The Rebbe as Messiah

I’m a few years late, but I’ve finally gotten around to starting Professor David Berger’s The Rebbe, the Messiah, and the Scandal of Orthodox Indifference — his theological memoir about Chabad messianism.

The book is rooted in Berger’s contention that beliefs about the late Lubavitcher Rebbe’s Messiah-ship is widespread in Chabad circles and that this belief subverts and transgresses normative Jewish theology. As the title suggests, the book is directed at Orthodox Jews who have continued to allow Chabadniks to have prominent communal roles while supporting or facilitating this heresy.

One of Berger’s most interesting observations has to do with the role of pluralism in perpetuating the status quo:

Modern Orthodox Jews have long endorsed the ideal of toleration, and in many contexts they cooperate with secular, Reform, and Conservative Jews whose ideological distance from them is greater than that of Chabad messianism…As for the so-called Ultra-Orthodox, even they have become accustomed to living with religious variation in a larger Jewish community; at worst, Lubavitch would be another group of inauthentic Jews. In all circles, pluralism moderates the intensity of the reaction.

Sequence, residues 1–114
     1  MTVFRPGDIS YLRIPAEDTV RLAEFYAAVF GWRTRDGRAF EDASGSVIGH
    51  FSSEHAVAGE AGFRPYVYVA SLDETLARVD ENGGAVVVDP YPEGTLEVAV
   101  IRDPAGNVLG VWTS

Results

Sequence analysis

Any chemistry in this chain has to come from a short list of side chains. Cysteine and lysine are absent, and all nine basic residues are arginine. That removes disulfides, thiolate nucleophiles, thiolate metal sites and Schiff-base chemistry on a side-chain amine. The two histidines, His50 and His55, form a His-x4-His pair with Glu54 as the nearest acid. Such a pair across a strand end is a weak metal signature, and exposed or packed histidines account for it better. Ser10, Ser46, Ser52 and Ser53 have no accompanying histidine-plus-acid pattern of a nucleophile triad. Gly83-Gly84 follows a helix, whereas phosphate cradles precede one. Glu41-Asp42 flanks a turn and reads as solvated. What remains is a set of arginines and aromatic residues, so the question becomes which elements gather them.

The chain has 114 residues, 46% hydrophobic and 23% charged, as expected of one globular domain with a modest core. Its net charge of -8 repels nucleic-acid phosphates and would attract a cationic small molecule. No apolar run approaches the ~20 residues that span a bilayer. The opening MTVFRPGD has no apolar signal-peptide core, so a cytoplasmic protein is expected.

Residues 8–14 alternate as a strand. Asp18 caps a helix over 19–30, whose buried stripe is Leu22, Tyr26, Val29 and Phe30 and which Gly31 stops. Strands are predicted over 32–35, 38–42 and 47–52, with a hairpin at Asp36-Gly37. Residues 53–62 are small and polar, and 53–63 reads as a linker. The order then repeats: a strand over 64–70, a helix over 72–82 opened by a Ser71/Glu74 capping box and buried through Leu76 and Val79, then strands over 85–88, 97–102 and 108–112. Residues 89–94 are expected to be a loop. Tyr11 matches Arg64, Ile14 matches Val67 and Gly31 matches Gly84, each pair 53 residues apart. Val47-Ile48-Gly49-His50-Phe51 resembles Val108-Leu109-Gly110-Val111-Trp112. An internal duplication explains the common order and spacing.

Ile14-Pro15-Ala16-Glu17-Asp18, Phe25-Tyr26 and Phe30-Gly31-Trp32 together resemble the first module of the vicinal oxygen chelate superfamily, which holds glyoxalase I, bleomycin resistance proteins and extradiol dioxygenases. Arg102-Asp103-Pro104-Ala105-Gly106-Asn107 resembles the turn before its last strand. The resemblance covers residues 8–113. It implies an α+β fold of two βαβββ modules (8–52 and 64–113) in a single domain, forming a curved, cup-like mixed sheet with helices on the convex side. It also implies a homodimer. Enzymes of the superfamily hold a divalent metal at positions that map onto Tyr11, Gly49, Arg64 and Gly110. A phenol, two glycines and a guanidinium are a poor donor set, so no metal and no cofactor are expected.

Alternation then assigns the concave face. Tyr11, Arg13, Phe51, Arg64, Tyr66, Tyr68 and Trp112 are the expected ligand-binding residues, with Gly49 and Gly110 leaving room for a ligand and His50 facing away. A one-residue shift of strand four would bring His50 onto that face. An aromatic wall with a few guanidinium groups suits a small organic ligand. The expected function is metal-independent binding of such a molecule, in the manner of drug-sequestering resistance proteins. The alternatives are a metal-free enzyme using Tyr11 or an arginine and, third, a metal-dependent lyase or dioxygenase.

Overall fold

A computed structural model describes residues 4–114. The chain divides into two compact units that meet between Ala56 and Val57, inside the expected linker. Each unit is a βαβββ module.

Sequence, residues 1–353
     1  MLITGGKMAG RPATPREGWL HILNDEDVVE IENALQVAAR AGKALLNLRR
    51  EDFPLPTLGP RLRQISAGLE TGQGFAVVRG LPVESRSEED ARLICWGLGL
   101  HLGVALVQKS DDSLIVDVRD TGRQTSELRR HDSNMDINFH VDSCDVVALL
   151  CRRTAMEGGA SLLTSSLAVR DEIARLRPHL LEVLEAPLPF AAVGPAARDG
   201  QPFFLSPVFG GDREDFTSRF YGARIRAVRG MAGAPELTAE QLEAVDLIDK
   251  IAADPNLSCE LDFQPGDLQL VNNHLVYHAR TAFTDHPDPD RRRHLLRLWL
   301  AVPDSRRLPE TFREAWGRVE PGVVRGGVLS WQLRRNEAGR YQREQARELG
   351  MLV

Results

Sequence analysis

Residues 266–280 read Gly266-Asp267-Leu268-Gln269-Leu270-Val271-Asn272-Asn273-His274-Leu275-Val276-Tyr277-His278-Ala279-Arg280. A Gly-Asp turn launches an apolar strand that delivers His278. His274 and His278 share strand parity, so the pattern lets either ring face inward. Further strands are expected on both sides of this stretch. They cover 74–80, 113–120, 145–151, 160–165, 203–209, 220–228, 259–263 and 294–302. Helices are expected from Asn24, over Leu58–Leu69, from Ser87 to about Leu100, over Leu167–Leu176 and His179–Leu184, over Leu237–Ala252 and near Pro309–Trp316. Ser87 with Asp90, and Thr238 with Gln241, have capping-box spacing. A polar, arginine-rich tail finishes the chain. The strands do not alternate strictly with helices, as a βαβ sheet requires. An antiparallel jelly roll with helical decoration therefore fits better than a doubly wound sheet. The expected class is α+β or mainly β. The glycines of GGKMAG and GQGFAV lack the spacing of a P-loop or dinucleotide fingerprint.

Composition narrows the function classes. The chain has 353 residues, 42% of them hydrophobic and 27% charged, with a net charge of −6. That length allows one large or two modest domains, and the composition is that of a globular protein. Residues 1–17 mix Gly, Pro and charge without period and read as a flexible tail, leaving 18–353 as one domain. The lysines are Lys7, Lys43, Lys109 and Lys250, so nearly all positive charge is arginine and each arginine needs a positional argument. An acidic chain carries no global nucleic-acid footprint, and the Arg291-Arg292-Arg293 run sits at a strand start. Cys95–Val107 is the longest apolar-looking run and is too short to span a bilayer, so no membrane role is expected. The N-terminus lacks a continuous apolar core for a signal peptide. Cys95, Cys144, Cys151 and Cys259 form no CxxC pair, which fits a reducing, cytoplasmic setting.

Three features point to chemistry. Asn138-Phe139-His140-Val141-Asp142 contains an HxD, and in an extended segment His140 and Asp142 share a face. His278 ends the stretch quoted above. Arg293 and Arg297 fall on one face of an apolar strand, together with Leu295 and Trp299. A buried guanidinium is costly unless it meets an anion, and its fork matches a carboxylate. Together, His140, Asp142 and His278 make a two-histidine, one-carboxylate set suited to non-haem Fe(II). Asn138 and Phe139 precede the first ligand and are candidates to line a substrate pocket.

Which raises the question: Should the liberal/pluralistic Jewish community be bothered by the fact that many (perhaps most) Chabadniks believe that their dead leader is the Messiah and will be resurrected from the dead (or isn’t really dead at all)?

Do we who encourage inclusivity and diversity have grounds for opposing this belief? And if not, what about Jews for Jesus? We might object to their missionary work, but many among us might object to Chabad’s missionary work, as well.

I’d love to hear some of your thoughts, but here is my initial half-baked reaction, and it’s rooted in a recently much-debated concept: peoplehood.

Chabad expresses sincere and intense investment in the Jewish people. In fact, they are the best of the best when it comes to expressing a sense of responsibility and care for their fellow Jews. That is certainly not the primary thing that comes through with Jews for Jesus.

Then again, I am not inclined to make “peoplehood” with its vague and indeterminate boundaries and definitions the only criterion that’s necessary and sufficient for involvement in the Jewish community. Thoughts?

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